The end of the decade is nearly here! Before you head off for your final holidays or countdown parties, consider the following actions to lower your taxes. Do note that the tax relief methods recommended below are constrained by the maximum personal tax relief of $80,000.

The four ways to top up your CPF. 
  1. Topping up your parents CPF Retirement Account (RA) or Special Account (SA)

You can give your parents a CPF Christmas present by topping up their CPF account. If your parents are over 55 years old, and their CPF RA  hasn’t  exceeded the current Full Retirement Sum (FRS), you will be able to top up their account and enjoy tax savings.

If they are younger than 55 years old, their CPF SA must be at the Current FRS less the sum of SA savings and net SA savings withdrawn for investments for you to get tax relief benefits.

The maximum tax relief is capped at $7,000.

Instead of giving them cash, topping up their CPF SA/RA is a more thoughtful gesture, because they’ll not only get to enjoy a higher interest rate compared to what they would get in a savings account, but it’ll also help to increase their lifelong monthly payout through CPF Life. You can even borrow money from them and return it to them by topping up SA/RA. Talk about maximising tax relief at no trade-offs!

2.Topping up your own CPF Medical Account (CPF MA) or CPF SA

We recommend that you prioritise topping up your CPF MA over your CPF SA since you can use your CPF MA for various medical purposes and use them to pay the premiums of your hospitalisation policies, such as Medishield Life/ Integrated Shield Plans. You can also use it to pay for approved day surgeries such as wisdom tooth extractions, or approved chronic conditions such as asthma and psoriasis. The maximum tax relief that you can enjoy is up to $7,000 for topping up your own MA or SA, or $14,000 for topping up you and your loved ones’ account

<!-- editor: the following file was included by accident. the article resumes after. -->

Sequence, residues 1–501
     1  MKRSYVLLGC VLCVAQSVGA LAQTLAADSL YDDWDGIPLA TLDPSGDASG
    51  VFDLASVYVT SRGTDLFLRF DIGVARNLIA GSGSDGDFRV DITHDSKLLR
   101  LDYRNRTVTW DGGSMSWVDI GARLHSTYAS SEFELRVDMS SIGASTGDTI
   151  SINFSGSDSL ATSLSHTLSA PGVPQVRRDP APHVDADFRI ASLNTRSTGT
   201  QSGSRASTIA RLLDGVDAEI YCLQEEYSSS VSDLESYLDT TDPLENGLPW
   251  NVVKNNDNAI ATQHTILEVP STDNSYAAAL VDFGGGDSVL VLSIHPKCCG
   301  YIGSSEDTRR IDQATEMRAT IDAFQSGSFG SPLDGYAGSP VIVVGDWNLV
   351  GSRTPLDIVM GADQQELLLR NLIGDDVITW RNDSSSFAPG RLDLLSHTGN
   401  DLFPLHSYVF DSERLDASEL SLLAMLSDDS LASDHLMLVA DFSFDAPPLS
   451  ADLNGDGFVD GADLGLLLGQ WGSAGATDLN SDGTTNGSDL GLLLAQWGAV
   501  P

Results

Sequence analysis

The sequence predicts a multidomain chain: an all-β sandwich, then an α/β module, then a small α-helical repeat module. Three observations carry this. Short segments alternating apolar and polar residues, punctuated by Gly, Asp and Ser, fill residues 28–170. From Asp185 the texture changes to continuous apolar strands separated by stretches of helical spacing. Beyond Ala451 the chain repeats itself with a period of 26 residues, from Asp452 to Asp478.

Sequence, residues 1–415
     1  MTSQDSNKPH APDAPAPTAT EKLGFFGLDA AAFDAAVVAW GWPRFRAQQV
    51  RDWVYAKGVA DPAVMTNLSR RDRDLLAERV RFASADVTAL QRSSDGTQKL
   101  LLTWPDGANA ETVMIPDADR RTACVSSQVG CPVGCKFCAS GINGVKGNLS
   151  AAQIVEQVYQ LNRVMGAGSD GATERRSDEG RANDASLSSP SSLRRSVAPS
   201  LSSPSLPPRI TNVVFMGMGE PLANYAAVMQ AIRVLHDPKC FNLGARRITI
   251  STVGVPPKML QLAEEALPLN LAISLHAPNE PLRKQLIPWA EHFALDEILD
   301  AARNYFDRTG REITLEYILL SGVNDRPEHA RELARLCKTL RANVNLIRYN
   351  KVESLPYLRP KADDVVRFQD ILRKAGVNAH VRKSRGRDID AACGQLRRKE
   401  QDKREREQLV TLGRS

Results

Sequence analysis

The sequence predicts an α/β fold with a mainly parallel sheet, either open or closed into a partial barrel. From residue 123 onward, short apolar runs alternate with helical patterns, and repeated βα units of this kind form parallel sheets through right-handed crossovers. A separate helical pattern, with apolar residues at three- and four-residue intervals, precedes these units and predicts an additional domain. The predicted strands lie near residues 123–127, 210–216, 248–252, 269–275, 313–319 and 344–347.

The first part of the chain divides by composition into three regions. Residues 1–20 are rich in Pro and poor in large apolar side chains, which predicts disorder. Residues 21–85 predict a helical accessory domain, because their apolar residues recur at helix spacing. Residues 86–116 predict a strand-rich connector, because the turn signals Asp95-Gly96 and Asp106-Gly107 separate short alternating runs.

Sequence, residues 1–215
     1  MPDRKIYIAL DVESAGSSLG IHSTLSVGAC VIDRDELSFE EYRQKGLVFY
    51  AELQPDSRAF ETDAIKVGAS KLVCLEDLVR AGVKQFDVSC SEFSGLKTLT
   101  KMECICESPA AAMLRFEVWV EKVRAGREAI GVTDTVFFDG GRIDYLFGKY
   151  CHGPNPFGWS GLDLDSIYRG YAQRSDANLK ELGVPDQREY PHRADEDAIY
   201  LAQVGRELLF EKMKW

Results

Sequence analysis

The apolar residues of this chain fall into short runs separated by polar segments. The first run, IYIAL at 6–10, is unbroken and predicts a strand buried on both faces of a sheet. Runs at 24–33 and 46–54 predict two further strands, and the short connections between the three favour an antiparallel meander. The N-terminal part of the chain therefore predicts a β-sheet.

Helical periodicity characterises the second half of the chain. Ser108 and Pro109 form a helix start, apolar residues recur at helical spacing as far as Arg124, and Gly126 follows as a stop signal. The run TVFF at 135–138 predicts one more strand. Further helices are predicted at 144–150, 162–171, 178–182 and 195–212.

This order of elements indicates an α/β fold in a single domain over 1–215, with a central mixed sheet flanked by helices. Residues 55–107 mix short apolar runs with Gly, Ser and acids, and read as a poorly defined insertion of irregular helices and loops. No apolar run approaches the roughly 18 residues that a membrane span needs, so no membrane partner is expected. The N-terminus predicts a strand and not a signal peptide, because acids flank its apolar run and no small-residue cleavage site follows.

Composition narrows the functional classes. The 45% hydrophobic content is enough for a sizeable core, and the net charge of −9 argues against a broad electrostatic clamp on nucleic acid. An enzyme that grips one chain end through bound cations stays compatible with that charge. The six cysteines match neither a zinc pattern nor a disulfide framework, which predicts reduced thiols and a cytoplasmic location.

3.Topping up your Supplementary Retirement Scheme (SRS) account to lower taxable income

If you have been investing consistently and are comfortable with the volatility of the stock market, we strongly recommend topping up your SRS account as well. You can also take greater risk with investing through SRS. Additionally, in the scenario where you really need the cash from SRS, you also have the option to withdraw it with a 5% penalty, and the amount withdrawn will be taxable.

Which account to prioritise? A returns and flexibility perspective.

Which account to top up is highly subjective and is ultimately a very personal decision. Your age also affects the decision as well – if you are older, topping up SRS or even your CPF SA makes more sense because you have a shorter lock-in period.

For ourselves, we prefer to top up the SRS account first because of the potential higher returns from SRS. A consistent, dollar cost average (DCA) approach for SRS investment (at no additional transactional cost through Endowus) will give you a better chance of hitting a 6% to 7% returns from investing in a 100% equity portfolio, so go ahead, check out the historical returns of the funds that we carry, and play around with the portfolio allocation.

However, be aware that there is value to having cash on hand versus having it locked up in CPF or SRS. As a rule of thumb, we would not recommend you to try to save on taxes if your obligations are below the 7% tax bracket, but again, if you are older, this consideration may change because the lock up period is shorter. Do note that since SRS is a tax deferral account, the more money you have in it, you may have to pay more taxes when you withdraw.

That is all from your friendly digital wealth advisor, Merry Christmas and
Happy New Year!